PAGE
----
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Pennsylvania's Mercer Museum Offers a Quirky Look at Early American Life

Where: 84 S. Pine St. [map], Doylestown, PA, United States, 18901
January 12, 2011 at 11:13 AM | by | ()

On the outside, the Mercer Museum in Doylestown, Pennsylvania, looks like a gothic castle. But in the inside, the eclectic six-floor museum looks like hoarder heaven. We don't mean like those scary homes on A&E's Hoarders that you can't walk through and have dead animals under the clutter.

The museum's founder, Henry C. Mercer, collected pre-1850s junk, everything from a stagecoach to ornate tortoiseshell hair combs. As Mercer saw tools and handmade objects get replaced with machine-made goods, he had the foresight to know that those obsolete items would be of interest to archaeologists and historians.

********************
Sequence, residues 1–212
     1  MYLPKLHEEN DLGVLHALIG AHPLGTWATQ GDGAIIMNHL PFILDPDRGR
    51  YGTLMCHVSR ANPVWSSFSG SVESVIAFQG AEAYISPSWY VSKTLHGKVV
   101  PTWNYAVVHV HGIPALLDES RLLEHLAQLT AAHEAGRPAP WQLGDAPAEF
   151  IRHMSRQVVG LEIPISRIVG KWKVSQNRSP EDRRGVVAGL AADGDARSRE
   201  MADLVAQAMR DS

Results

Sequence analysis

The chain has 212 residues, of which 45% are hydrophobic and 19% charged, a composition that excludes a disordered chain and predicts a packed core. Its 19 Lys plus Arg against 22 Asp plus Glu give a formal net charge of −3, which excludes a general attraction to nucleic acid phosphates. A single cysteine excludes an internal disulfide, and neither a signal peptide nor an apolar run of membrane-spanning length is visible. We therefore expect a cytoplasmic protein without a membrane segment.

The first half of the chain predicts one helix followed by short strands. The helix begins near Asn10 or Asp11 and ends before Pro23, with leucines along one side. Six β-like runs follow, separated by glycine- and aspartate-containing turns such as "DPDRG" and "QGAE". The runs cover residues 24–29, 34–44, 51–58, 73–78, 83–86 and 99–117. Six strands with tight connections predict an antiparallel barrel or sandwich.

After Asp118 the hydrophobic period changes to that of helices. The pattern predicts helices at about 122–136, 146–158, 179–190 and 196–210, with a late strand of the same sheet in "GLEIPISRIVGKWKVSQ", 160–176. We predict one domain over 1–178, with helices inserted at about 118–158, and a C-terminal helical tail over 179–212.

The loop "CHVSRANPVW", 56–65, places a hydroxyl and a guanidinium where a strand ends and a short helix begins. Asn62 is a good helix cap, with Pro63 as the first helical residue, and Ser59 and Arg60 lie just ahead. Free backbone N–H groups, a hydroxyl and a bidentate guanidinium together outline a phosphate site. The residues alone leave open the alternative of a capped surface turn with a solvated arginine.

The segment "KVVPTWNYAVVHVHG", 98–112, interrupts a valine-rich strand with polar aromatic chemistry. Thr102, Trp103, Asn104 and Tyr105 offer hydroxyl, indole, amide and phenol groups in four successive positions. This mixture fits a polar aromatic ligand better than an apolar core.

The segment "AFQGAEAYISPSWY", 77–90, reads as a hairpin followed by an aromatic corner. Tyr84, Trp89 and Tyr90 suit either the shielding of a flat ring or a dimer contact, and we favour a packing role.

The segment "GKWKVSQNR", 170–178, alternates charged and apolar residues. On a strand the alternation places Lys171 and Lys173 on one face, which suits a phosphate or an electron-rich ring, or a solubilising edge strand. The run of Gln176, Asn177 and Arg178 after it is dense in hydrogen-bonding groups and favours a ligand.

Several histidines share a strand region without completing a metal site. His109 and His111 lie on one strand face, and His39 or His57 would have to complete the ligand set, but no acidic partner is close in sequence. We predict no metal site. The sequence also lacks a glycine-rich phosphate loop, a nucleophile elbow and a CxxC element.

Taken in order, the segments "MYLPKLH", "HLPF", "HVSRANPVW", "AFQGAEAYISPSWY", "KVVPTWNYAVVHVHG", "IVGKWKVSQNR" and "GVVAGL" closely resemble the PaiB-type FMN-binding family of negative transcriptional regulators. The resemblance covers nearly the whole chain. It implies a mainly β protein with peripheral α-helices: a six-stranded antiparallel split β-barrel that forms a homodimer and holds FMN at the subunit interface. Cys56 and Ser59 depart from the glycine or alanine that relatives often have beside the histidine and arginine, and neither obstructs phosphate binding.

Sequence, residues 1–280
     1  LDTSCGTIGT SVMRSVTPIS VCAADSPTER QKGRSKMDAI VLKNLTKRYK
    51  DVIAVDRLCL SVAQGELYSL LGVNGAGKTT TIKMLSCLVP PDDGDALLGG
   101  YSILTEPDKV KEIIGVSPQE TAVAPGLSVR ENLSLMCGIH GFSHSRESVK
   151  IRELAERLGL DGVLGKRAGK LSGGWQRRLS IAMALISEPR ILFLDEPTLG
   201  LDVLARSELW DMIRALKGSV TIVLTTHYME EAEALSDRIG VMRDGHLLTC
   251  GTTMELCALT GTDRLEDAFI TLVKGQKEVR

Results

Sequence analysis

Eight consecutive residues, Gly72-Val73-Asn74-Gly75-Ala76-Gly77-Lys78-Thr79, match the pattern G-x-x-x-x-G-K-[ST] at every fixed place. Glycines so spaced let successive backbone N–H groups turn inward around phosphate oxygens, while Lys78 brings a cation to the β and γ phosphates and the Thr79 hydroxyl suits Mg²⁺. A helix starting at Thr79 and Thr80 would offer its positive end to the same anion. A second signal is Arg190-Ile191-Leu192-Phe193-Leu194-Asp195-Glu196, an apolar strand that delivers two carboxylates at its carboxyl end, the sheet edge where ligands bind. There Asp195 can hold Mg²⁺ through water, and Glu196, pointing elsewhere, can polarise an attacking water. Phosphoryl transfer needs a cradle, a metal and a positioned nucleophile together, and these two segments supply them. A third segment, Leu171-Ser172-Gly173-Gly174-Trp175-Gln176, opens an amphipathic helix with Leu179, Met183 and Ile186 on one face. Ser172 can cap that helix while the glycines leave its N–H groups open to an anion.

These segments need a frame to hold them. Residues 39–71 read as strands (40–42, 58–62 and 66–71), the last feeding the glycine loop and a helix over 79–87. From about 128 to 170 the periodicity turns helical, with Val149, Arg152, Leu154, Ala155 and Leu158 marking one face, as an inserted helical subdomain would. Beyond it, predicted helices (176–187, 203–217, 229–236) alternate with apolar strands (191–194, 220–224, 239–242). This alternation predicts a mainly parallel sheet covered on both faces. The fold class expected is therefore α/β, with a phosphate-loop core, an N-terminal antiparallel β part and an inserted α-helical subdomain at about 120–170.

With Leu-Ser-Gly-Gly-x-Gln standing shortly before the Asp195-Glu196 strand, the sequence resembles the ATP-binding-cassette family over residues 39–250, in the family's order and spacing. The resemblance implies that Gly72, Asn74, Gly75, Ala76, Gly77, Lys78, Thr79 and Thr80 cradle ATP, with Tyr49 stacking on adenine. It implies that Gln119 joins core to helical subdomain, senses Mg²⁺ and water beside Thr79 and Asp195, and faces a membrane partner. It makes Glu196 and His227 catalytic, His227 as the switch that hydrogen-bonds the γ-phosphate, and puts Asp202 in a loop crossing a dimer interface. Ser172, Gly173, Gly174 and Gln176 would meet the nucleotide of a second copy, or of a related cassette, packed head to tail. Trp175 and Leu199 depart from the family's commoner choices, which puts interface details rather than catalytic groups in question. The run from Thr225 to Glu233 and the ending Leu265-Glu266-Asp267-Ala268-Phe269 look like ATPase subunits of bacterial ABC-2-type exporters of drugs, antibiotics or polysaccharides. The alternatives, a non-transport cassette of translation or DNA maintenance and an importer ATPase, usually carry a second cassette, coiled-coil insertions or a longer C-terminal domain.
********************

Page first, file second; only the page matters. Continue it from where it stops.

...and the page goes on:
So he gathered more than 50,000 objects and created this museum in 1916 to house it all. The building itself is pretty interesting; it's all concrete. Even the window panes are separated with concrete. Because he used fireproof concrete, the museum isn't heated, so you'll have to keep your coat on in the winter.

Mercer created nooks throughout the museum, some no bigger than a closet. Mercer grouped like items into individual rooms, including one for guns, another for old-time doctor tools and one for hatmaking. There's also big items like the gallows and a canoe. In several corners of the museum you'll find sculptures like the ones above. They were used as advertisements in front of cigar stores, since illiteracy was widespread at the time.

The museum's vast collection and unusual building makes it interesting for all ages. Admission is $9, $8 for seniors and $4 for kids.

[Photos: Jennifer Kester for Jaunted]

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